The key findings of the EU kids survey on risks and safety on the internet
Here are the key findings of the The EU Kids Online survey – a survey that asked 23,420 children aged 9-16 who use the internet about the following online risks:
receiving sexual messages,
contact with people not known face to face,
offline meetings with online contacts,
potentially harmful user-generated content and
personal data misuse.
12% of European 9-16 year olds say that they have been bothered or upset by something on the internet. This includes 9% of 9-10 year olds. However, most children do not report being bothered or upset by going online.
Looking across the range of risks included in the survey (as detailed below), a minority of European 9-16 year olds – 39% overall – have encountered one or more of these risks. Most risks are encountered by less than a quarter of children – as reported under specific findings below.
The most common risks reported by children online are communicating with new people not met face-toface and seeing potentially harmful user-generated content. It is much rarer for children to meet a new online contact offline or be bullied online.
Significantly, risk does not often result in harm, as reported by children. Being bullied online by receiving nasty or hurtful messages is the least common risk but is most likely to upset children.
Sexual risks – seeing sexual images and receiving sexual messages online – are more encountered but they are experienced as harmful by few of the children who are exposed to them.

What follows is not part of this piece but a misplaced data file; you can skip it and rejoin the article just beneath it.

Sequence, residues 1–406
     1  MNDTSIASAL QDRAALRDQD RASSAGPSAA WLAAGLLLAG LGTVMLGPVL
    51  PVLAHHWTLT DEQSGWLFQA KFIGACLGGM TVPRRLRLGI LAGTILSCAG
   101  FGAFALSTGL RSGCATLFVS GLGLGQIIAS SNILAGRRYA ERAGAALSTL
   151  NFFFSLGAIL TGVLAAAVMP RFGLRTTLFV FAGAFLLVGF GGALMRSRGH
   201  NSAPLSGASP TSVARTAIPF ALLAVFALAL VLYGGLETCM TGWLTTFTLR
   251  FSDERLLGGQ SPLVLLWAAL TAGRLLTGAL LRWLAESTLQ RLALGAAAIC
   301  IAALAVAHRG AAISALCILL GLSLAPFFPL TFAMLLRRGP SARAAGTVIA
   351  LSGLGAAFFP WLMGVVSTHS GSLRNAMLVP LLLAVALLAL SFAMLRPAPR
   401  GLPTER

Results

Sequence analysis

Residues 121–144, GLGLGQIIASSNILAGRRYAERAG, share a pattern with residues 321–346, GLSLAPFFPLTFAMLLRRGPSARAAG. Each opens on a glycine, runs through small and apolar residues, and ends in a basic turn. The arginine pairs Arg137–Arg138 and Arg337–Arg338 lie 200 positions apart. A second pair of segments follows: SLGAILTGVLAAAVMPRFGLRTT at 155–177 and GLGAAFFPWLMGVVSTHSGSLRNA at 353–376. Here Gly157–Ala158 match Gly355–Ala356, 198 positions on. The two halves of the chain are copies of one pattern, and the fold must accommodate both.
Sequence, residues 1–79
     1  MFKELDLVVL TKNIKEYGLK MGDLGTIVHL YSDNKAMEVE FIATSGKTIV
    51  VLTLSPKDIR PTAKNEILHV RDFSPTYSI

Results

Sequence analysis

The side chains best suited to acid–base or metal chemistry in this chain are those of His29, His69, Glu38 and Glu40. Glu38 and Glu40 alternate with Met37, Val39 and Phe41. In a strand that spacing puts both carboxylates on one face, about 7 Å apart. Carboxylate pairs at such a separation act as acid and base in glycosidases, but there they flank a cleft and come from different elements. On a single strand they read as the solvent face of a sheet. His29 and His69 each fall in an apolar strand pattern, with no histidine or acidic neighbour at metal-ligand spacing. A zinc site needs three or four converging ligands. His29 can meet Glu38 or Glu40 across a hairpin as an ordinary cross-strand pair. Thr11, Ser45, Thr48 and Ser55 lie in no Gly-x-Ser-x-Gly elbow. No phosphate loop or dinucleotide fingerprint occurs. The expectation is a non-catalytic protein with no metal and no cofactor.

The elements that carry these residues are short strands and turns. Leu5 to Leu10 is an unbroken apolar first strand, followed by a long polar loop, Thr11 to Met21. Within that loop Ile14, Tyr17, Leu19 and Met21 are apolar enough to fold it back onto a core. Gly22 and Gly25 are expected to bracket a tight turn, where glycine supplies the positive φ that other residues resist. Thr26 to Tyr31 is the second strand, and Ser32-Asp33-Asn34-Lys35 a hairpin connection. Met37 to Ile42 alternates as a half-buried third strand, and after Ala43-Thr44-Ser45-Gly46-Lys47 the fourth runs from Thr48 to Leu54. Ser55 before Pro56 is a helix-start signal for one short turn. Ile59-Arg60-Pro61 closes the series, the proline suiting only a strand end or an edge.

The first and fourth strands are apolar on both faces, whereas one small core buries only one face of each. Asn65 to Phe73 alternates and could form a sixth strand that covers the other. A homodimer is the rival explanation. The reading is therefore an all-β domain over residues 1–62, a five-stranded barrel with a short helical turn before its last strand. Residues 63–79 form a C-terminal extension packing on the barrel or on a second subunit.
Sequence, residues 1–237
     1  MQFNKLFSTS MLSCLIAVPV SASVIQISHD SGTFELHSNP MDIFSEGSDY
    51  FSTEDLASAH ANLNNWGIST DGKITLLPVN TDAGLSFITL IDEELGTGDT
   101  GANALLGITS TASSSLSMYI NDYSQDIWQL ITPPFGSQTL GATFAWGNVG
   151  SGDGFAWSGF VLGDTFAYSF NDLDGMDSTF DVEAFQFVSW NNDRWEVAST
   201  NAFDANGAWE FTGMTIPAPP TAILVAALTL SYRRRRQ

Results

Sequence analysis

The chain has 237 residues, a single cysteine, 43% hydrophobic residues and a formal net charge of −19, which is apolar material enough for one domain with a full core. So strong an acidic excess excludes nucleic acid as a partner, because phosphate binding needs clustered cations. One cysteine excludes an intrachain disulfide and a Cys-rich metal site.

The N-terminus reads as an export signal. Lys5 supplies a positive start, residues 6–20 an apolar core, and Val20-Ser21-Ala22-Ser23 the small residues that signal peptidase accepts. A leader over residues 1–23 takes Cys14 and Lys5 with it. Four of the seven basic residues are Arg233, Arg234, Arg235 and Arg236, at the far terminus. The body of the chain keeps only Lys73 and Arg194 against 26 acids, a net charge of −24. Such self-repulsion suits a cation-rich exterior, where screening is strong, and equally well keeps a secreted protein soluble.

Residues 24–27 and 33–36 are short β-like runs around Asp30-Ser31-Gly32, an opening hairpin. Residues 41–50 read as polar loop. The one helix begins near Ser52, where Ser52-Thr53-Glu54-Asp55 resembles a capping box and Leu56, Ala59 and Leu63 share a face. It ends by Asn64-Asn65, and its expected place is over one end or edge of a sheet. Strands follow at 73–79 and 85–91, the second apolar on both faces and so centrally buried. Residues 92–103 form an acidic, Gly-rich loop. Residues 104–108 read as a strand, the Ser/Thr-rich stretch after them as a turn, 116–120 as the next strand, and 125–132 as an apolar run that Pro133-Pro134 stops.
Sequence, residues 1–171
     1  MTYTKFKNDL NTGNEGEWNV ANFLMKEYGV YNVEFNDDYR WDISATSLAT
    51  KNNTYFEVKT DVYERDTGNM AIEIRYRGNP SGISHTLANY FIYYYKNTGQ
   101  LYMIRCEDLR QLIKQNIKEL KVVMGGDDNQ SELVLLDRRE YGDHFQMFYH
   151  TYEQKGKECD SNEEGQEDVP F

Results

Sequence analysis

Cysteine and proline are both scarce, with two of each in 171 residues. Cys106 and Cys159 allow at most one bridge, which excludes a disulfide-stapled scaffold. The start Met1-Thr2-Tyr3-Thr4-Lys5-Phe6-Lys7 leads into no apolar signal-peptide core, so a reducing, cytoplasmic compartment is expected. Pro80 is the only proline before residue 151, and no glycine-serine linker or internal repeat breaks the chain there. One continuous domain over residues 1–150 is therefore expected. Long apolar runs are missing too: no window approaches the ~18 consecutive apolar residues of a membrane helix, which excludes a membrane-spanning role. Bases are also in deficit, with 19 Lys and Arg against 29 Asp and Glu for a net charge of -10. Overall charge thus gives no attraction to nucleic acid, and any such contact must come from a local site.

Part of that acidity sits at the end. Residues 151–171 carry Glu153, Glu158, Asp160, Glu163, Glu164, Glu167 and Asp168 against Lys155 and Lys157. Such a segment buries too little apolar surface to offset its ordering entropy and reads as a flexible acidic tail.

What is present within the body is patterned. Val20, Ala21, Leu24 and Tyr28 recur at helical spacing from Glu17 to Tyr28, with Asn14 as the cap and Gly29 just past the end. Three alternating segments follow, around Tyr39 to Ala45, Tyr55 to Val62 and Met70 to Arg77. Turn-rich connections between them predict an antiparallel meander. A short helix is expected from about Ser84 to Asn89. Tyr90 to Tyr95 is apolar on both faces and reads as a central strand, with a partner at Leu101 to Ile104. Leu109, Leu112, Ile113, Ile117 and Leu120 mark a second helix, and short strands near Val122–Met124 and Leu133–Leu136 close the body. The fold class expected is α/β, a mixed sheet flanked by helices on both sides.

1 in 12 children have met an online contact offline; this risk rarely has a harmful experience.
Comparing across countries, encounters with one or more online risks include up to two thirds of children in Estonia, Lithuania, the Czech Republic and Sweden. Lower incidence of risk is found in Turkey, Portugal and Italy. However, children are more likely to say they have been bothered or upset by something on the internet in Denmark (26%), Estonia (25%), Romania and Sweden (both 21%); they are less likely to say this in Italy (6%), Portugal (7%) and Germany (8%).
The more children in a country use the internet daily, the more those children have encountered one or more risks. However, more use also brings more opportunities and, no doubt, more benefits. The greatest range of activities online is also claimed by children in Estonia, Lithuania, the Czech Republic and Sweden, while the least are undertaken in Turkey and Ireland. In other words, internet use brings both risks and opportunities, and the line between them is not easy to draw.
Since most children do not report encountering any of the risks asked about, with even fewer having been bothered or upset by their online experiences, future safety policy should target resources and guidance where they are particularly needed – especially for younger children who go online.
Among those children who have experienced one of these risks, parents often don’t realise this: 41% of parents whose child has seen sexual images online say that their child has not seen this; 56% of parents whose child has received nasty or hurtful messages online say that their child has not; 52% of parents whose child has received sexual messages say that their child has not; 61% of parents whose child has met offline with an online contact say that their child has not. Although the incidence of these risks affects a minority of children in each case, the level of parental underestimation is more substantial.
Education, Research & Development in Social Work & IT
After working as an alternative practitioner and psychotherapist in private practice for nearly ten years I stepped over to higher education in 2005. At Saxion University of Applied Sciences I lecture and do research and development in the area of Social Work, Psychology and IT. Currently I'm focussing on merging mobile technology and social work.